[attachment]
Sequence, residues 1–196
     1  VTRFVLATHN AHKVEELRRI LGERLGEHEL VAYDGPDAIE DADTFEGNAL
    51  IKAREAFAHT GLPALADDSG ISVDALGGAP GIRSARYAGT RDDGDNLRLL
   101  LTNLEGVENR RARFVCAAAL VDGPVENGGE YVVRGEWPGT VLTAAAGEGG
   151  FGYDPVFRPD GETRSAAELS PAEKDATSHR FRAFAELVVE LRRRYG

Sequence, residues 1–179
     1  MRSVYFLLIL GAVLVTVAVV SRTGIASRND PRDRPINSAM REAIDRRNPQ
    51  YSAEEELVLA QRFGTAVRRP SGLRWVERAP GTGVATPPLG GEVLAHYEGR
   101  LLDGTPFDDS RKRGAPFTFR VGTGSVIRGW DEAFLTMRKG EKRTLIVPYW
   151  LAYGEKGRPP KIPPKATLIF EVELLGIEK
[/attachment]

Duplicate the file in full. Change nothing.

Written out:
Sequence, residues 1–196
     1  VTRFVLATHN AHKVEELRRI LGERLGEHEL VAYDGPDAIE DADTFEGNAL
    51  IKAREAFAHT GLPALADDSG ISVDALGGAP GIRSARYAGT RDDGDNLRLL
   101  LTNLEGVENR RARFVCAAAL VDGPVENGGE YVVRGEWPGT VLTAAAGEGG
   151  FGYDPVFRPD GETRSAAELS PAEKDATSHR FRAFAELVVE LRRRYG

Sequence, residues 1–179
     1  MRSVYFLLIL GAVLVTVAVV SRTGIASRND PRDRPINSAM REAIDRRNPQ
    51  YSAEEELVLA QRFGTAVRRP SGLRWVERAP GTGVATPPLG GEVLAHYEGR
   101  LLDGTPFDDS RKRGAPFTFR VGTGSVIRGW DEAFLTMRKG EKRTLIVPYW
   151  LAYGEKGRPP KIPPKATLIF EVELLGIEK